Deep fried funny man
A former crowd-puller in the alternative folk scene in Johannesburg, Friedman was voted Best Newcomer at the first annual Comics Choice Awards last year. This is after he was a joint winner of the 2010 Parkers Comedy Showdown, hosted by comedian Joe Parker. Apart from sharing stages with Pablo Francisco, Mo Mandel and Iliza Shlesinger and local comedian Loyiso Gola, he has been a supporting act for this year’s Comics' Choice Awards winner Trevor Noah's one man show, Scratch, showing at the Jo'burg Theatre Fringe.
Why "Deep Fried Man"?
It's a play on words because my surname is Friedman.
But I do have a weakness for deep fried food. My comedy is not low GI or free of trans fatty acids. It is delicious, but probably quite bad for you.
How different is your musical comedy different from regular stand-up comedy?
Normally comedy is just a guy walking around a stage with a microphone telling jokes. In this case it's a guy standing in one place with a guitar and a microphone singing songs. Songs that will ideally make you laugh out loud, or at very least smile quietly to yourself.
Tell me more about your upcoming show White Whine.
It's me with a new bunch of satirical songs about South Africa, with some visuals and sketch comedy thrown in. It's more political than any of my shows before. It's one part me making fun of myself and white people in general, one part my perspective on life in South Africa as set to music and another part musical comedy about whatever strange topics are on my mind.
What do you usually joke about?
My comedy usually centres around self-deprecation, South African politics, South African culture, being white, being Jewish, sex (although this time round I tried to go easy on the sex songs), social media, living in South Africa, living on Earth and living in the universe. My comedy is a mixture of original, satirical songs and parodies of famous songs.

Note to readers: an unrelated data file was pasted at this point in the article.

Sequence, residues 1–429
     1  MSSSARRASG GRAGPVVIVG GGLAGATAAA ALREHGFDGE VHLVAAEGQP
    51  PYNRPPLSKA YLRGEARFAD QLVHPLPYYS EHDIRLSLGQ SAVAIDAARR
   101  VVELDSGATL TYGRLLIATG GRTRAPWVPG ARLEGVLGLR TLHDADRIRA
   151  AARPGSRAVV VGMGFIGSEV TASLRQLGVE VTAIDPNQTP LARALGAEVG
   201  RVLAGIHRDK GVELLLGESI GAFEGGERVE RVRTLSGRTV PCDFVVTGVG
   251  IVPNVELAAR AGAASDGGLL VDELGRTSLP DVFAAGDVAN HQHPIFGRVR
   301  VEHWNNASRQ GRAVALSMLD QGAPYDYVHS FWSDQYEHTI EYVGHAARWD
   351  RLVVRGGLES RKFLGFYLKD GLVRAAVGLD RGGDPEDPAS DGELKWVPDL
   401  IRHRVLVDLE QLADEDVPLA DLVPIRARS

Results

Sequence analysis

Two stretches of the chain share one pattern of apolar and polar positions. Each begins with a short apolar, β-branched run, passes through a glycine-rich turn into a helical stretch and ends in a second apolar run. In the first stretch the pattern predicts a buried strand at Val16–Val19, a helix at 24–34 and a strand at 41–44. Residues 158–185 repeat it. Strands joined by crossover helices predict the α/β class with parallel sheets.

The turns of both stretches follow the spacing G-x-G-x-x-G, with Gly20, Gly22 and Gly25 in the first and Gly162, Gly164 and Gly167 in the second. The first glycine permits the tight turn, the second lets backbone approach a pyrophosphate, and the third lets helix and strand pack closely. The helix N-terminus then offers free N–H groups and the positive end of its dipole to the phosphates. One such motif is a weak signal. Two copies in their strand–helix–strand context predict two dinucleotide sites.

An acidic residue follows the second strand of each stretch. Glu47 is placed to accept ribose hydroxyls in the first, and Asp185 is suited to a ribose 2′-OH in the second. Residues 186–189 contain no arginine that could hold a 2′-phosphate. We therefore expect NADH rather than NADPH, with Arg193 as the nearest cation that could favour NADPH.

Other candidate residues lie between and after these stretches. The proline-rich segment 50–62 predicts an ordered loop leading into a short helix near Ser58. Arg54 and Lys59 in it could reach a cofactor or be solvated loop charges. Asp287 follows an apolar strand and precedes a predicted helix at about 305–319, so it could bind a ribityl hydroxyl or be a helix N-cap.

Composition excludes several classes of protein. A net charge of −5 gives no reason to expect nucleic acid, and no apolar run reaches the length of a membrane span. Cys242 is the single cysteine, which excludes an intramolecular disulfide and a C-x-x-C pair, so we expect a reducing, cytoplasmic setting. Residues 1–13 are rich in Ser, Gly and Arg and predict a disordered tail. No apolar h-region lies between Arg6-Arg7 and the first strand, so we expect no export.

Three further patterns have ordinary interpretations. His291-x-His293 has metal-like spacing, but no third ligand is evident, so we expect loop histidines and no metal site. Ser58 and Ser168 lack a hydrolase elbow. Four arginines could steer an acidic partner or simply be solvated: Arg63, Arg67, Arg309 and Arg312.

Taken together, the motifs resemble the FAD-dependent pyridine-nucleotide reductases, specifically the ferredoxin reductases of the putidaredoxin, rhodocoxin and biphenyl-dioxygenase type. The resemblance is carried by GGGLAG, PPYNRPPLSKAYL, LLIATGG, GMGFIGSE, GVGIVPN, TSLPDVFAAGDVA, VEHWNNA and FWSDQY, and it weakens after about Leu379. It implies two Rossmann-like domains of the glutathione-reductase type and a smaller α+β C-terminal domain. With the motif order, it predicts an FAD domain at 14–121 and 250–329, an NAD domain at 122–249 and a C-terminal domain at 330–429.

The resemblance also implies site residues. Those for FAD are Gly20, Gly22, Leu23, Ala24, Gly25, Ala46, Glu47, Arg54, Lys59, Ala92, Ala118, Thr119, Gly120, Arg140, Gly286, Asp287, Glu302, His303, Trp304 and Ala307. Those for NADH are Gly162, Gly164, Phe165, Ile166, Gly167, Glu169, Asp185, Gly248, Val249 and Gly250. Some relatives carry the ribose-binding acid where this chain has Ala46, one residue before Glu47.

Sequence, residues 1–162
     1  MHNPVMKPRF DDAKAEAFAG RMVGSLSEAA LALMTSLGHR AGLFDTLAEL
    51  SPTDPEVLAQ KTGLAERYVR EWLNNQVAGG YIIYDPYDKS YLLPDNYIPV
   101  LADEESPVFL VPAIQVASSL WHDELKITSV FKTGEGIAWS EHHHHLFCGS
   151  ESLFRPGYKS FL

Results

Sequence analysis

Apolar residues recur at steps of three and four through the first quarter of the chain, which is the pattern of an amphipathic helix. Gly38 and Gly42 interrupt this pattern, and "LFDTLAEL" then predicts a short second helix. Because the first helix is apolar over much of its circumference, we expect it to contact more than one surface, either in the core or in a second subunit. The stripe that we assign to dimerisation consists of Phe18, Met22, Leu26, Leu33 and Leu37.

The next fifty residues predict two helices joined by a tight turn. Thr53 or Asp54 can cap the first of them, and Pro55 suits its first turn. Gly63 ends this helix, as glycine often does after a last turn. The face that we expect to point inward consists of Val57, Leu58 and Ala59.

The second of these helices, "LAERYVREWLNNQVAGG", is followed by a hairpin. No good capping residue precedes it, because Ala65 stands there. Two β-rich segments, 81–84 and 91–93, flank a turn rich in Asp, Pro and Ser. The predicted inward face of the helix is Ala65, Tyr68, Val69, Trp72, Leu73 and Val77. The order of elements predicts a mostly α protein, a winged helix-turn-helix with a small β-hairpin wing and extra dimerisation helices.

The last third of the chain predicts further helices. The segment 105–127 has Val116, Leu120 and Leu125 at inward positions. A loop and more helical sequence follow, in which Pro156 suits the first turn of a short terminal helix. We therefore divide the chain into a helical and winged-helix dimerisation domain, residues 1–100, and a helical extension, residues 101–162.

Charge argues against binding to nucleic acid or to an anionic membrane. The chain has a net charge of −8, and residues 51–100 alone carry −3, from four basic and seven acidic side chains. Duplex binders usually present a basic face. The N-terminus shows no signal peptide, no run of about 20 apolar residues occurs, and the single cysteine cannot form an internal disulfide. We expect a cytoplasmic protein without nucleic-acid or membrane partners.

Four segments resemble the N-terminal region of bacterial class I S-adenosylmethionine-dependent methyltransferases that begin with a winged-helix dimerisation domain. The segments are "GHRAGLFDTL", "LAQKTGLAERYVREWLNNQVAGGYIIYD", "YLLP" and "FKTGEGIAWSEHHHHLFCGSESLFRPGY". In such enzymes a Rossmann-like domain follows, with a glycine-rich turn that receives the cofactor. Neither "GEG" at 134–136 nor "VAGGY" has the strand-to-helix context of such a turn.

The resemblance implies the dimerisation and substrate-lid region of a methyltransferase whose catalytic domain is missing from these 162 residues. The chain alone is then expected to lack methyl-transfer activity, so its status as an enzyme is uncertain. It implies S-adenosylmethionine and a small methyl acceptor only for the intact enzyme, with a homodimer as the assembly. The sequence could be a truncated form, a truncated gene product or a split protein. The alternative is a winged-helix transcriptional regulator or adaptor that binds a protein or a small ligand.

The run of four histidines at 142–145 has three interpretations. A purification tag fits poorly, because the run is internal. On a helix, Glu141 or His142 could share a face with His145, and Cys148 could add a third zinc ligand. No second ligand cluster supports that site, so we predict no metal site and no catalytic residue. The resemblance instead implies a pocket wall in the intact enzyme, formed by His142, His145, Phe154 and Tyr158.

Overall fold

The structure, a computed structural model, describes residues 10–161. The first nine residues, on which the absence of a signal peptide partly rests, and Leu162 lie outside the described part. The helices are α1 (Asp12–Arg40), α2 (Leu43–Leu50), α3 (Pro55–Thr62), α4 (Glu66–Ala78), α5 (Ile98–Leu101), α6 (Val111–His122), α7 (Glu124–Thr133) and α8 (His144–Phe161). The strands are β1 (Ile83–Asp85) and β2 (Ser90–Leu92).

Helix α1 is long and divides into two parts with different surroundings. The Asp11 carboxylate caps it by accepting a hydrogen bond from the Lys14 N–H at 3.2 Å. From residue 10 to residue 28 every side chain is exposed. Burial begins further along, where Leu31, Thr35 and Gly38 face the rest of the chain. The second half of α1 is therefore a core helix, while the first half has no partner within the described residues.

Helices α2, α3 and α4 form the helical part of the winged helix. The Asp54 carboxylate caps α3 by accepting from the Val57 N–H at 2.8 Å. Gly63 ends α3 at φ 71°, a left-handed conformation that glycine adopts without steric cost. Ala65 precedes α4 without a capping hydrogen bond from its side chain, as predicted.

What makes a joke funny?
It's pretty subjective, I think good timing plus taking an idea and turning it on its head plus telling your joke to someone who understands it, gets it and appreciates it equals funny. But I'm not some kind of laughter scientist or LOLologist. My own sense of humour sometimes centres on the quirky and bizarre, and at other times delights in walking a fine line between being witty, insightful, honest and being rude or offensive and controversial.
Are you ever serious, and when?
On the third Wednesday of every month in between noon and a quarter past twelve I take time out to think about deep and complex issues including death, quantum physics and the outcome of the current season of SA Idols.
Aren't you afraid of being seen as a laughing stock?
To me, being a comedian means not being afraid to make a fool of myself. You get some comedians who are smooth and charming, but I'm more the strange, awkward type of comedian. I constantly say embarrassing things and get into embarrassing situations, which make the people around me cringe, but I don't cringe because I find I'm used to it and nothing really embarrasses me. So maybe I am a laughing stock at times, but I get paid to be a laughing stock, so I like to think that I'm having the last laugh.
Tell me a joke or two.
I dated a blind girl. She dumped me. She said to me: "I want to hear, smell, taste and touch other people"
I saw snow in the streets of Jo'burg. I gave him R5, but only after he sang Informer.
Catch Deep Fried Man in White Whine at the Old Mutual Theatre on the Square from the September 19 to 21.